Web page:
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Does in Utero Exposure to Illness Matter? The 1918 Influenza Epidemic in Taiwan as a Natural Experiment

  • Elaine Liu

    ()

    (University of Houston)

  • Ming-Jen Lin

    (National Taiwan University)

This paper uses the 1918 influenza pandemic in Taiwan as a natural experiment to test whether in utero conditions affect long run developmental outcomes. Combining several historical and contemporaneous datasets, we find that cohorts in utero during the pandemic are less educated, shorter as teenagers, and more likely to have kidney disease, glaucoma, respiratory problems and diabetes in old age than other birth cohorts. Despite the possible positive selection on health with the high infant mortality rates during this period (18%), our findings suggest a strong negative effect of in utero exposure to influenza.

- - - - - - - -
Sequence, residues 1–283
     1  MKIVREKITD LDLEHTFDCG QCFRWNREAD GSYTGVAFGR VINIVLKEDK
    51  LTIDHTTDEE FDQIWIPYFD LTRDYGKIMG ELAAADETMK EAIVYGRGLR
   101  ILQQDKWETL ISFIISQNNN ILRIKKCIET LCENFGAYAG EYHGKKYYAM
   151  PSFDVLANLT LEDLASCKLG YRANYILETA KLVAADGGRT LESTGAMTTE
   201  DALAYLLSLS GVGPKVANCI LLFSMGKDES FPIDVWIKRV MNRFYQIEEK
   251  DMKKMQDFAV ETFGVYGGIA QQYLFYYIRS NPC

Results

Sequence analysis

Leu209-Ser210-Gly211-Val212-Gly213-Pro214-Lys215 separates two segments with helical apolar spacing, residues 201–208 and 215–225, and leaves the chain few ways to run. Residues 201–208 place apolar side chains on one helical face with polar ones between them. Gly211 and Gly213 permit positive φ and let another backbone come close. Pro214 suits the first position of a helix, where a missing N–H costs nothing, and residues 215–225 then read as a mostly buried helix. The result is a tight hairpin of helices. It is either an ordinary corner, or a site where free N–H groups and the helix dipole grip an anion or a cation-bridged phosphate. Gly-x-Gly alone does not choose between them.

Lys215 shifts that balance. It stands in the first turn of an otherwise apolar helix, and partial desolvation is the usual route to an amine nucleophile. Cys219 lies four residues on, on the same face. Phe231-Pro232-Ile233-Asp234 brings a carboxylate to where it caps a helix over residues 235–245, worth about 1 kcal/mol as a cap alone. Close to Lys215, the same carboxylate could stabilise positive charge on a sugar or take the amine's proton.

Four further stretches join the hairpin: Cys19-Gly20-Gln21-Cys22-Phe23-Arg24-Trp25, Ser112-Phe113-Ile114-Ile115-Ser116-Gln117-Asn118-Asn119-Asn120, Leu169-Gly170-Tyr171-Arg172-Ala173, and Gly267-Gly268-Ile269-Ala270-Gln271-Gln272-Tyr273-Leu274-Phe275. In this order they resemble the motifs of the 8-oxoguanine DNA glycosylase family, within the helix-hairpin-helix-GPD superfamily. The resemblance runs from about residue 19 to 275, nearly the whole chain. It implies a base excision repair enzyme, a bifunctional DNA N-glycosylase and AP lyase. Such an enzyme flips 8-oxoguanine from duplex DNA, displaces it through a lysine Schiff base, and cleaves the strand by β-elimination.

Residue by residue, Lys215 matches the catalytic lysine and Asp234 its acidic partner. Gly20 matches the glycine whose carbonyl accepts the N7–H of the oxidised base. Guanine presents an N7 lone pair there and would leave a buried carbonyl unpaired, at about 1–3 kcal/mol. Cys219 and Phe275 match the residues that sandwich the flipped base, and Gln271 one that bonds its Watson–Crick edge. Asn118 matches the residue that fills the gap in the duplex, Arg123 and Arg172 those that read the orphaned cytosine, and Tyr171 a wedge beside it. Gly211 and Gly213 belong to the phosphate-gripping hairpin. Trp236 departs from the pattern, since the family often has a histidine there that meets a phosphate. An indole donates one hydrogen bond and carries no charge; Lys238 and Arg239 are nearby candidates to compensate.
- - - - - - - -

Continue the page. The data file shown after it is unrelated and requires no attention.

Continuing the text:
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File URL: http://www.uh.edu/econpapers/RePEc/hou/wpaper/201310931.pdf
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Paper provided by Department of Economics, University of Houston in its series Working Papers with number 201310931.

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Date of creation: 19 Apr 2013
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Handle: RePEc:hou:wpaper:201310931
Contact details of provider: Postal: Houston TX 77023
Web page: http://www.uh.edu/class/economics/

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